By Wally Kennedy

Globe Business Writer

BRANSON, Mo. - Chris Lucchi, a key player in Branson's newest theater, the $14 million American Bandstand on Highway 76, wanted to be an engineer.

"I went to MSSC (now Missouri Southern State University) for a couple of years and I was planning on going to Rolla to study engineering. Before I transferred, I decided to work and save some money for a couple of years. So, I leased a restaurant for two years in Branson,'' he said.

The restaurant was called Sammy's Cabin in Mutton Hollow. It's now an office at Celebration City, now part of the Silver Dollar City empire. "That job changed everything. I ended up never going back to school,'' he said.

The restaurant gig led to another restaurant project in Springfield, the Library Bar and Bistro. Two years after that, he built and opened the Old Apple Mill in Branson. It's now called Charlie's Steak and Ribs.

For a period of a few years in the 1980s, he was operating three restaurants at the same time. By the early 1990s and after 12 years in the restaurant business, it was time to do something else.

"When I started, I was single. I got married in 1983 and had children. It's difficult to be in the restaurant business and have a family,'' he said.

In 1995, he bought his first hotel with three other partners. Over the next few years, he would be a partner in five hotels, one in Springfield and four in Branson. Two years ago, he started on Dick Clark's American Bandstand Theater.

Lucchi and his partners owned undeveloped land next to the Ramada Inn in Branson, one of the hotels they own. They purchased the Mid-Town Diner and the nightclub under the restaurant. It was called The Down Under.

"The restaurant and nightclub had been there for 25 years or more. Anybody who had spent anytime in Branson had been to The Down Under,'' he said.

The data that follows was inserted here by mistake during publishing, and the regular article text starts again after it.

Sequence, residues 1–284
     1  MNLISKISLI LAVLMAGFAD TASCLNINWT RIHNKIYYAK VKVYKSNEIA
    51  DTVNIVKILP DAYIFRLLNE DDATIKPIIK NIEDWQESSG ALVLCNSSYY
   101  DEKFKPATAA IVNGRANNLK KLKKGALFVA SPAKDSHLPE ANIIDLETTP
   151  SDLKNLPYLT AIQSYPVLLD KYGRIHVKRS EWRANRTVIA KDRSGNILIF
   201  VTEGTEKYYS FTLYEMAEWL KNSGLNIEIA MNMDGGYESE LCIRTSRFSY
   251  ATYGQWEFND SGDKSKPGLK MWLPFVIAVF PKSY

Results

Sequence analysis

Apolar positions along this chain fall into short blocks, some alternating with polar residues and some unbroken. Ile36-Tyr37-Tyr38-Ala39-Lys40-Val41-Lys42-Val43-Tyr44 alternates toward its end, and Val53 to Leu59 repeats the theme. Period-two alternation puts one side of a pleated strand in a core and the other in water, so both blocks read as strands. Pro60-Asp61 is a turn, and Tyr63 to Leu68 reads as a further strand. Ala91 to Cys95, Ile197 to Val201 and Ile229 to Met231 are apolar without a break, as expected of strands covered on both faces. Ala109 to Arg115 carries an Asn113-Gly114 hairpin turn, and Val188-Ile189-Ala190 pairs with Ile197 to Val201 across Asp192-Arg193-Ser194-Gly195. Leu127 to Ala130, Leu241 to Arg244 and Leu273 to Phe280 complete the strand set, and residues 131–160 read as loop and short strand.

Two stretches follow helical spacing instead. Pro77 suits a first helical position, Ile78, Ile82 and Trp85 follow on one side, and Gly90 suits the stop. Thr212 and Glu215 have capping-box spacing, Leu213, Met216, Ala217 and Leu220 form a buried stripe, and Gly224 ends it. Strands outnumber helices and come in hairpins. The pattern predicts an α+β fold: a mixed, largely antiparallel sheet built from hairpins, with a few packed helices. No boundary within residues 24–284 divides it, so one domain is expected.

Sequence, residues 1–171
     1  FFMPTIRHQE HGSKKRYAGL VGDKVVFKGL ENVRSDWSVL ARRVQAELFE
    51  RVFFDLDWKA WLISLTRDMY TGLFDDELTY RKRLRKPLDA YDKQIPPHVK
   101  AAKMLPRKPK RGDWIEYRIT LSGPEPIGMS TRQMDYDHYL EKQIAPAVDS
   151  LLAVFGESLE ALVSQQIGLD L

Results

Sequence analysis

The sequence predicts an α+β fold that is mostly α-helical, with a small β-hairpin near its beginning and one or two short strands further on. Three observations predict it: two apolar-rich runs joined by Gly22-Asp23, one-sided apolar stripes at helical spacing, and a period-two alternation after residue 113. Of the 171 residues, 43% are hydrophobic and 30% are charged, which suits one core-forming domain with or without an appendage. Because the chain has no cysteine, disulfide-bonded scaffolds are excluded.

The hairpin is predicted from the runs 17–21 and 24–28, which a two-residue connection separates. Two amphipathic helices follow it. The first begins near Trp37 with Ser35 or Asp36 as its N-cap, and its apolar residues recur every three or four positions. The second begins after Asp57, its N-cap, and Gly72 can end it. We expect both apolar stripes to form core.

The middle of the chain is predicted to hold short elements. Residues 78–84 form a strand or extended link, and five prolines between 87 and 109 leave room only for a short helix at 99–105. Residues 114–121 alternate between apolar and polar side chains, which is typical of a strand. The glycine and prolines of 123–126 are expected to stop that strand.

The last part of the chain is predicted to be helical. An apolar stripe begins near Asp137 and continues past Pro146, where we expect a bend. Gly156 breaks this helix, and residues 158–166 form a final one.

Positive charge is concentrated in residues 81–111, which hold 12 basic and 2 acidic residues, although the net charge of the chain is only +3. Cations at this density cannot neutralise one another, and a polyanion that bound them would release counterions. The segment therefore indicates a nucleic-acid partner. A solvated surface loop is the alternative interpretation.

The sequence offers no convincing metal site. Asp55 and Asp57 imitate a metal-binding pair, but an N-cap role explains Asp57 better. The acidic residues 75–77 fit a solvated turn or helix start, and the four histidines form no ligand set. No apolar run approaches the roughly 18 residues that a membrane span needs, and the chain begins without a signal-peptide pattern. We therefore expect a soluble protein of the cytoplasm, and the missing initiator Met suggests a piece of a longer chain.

Instead of razing the 12,000-square foot restaurant and club, he incorporated it into the design of the theater. The three-story, 950-seat theater added 85,000 square feet of space. It features a gift shop, photo area and a museum.

The museum holds The Patch Collection, a collection of vehicles that are all 1957 models.

"The museum has all kinds of memorabilia. It's like stepping into small-town America in 1957. There's a Main Street with a barber shop and Texaco station, and department store windows with clothes from the 50s,'' he said.

"What's unique about our theater is that we showcase memorabilia from the early days of rock. We have the Dick Clark collection from American Bandstand that appeared from 1957 to 1987 on ABC. Over those years, Clark collected all kinds of rock 'n' roll memorabilia. We showcase his collection in the lobby and restaurant.

"Our acts are original artists who appeared on American Bandstand on multiple occasions. We are the first theater to feature old-time rock 'n' roll acts in Branson. We have the Righteous Brothers, Paul Revere and the Raiders, Bill Hailey's original Comets.

"We also have Fabian, Bobby Vee, the Chiffons, Brian Hyland and Chris Montez. These five acts do a show together. Together, they have 30 top 10 hits. The songs are more well-known than their names.''

Lucchi, chairman of the board of the Branson-Lakes Area Chamber of Commerce, said the theater, which opened April 28, has had several soldout shows and that most every show has concluded with a standing ovation from the audience.

Lucchi, a 1975 graduate of Parkwood High School in Joplin, said his new career in entertainment keeps him busy, but he finds time to come home.

"This is my 25th year in Branson, but I still come back to visit Joplin and my Mom (Mary Lucchi),'' he said.

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